Qualcomm confirmed it is not planning to revive its failed bid to acquire NXP Semiconductors, despite the Chinese government indicating it would now be open to clearing the deal, Reuters reported.
The company dropped the deal in July following resistance from China. The deal, first announced in December 2016 for a value of $44 billion, had been expected to be completed after it received clearance from eight of the nine required regulatory bodies.
However, Chinese regulators closely scrutinised the acquisition due to concerns over the impact on domestic companies operating in the semiconductor market. It was also reported a trade spat between the US and China was a factor in their apparent resistance to Qualcomm’s move.
There are now indications trade relations between the countries are at a turning point following talks over the weekend between Prime Minister Xi Jinping and US President Donald Trump: as a result, the White House said China was now “open to approving the previously unapproved” NXP Semiconductors acquisition, Reuters reported.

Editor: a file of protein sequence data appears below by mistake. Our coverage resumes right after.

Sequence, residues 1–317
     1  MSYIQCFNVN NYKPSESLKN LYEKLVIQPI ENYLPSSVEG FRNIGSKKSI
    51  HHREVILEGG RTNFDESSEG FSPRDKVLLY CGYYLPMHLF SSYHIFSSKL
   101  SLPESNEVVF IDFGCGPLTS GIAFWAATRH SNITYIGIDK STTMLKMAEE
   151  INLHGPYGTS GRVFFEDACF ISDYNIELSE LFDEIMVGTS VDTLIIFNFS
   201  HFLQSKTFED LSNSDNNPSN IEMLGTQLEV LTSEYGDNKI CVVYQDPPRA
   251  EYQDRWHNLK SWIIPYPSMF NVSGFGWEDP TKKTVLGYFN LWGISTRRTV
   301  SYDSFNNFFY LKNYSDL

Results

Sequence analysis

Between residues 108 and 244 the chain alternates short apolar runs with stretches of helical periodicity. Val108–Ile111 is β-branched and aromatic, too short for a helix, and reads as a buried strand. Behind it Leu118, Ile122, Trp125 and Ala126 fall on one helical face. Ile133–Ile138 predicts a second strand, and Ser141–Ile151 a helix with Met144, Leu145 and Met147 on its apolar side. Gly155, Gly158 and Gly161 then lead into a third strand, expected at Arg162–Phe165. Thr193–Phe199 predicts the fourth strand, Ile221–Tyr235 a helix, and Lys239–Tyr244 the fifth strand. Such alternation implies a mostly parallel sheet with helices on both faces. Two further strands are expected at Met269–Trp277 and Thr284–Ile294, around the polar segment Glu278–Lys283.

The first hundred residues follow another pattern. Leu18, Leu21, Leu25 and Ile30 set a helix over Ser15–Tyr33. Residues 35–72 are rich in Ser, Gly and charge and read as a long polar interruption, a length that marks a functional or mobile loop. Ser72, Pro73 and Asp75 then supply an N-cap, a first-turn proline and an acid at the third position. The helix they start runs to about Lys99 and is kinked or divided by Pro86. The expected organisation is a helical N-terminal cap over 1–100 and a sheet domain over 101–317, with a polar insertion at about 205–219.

However, Qualcomm poured cold water over suggestions it could revive the acquisition, with a representative telling the news agency “the deal for the transaction has expired, which terminated the contemplated deal. Qualcomm considers the matter closed”.
After dropping the deal, the company said it would use $30 billion of the $40 billion earmarked to acquire NXP Semiconductors to buy back shares, while paying out a $2 billion break-up fee to the company.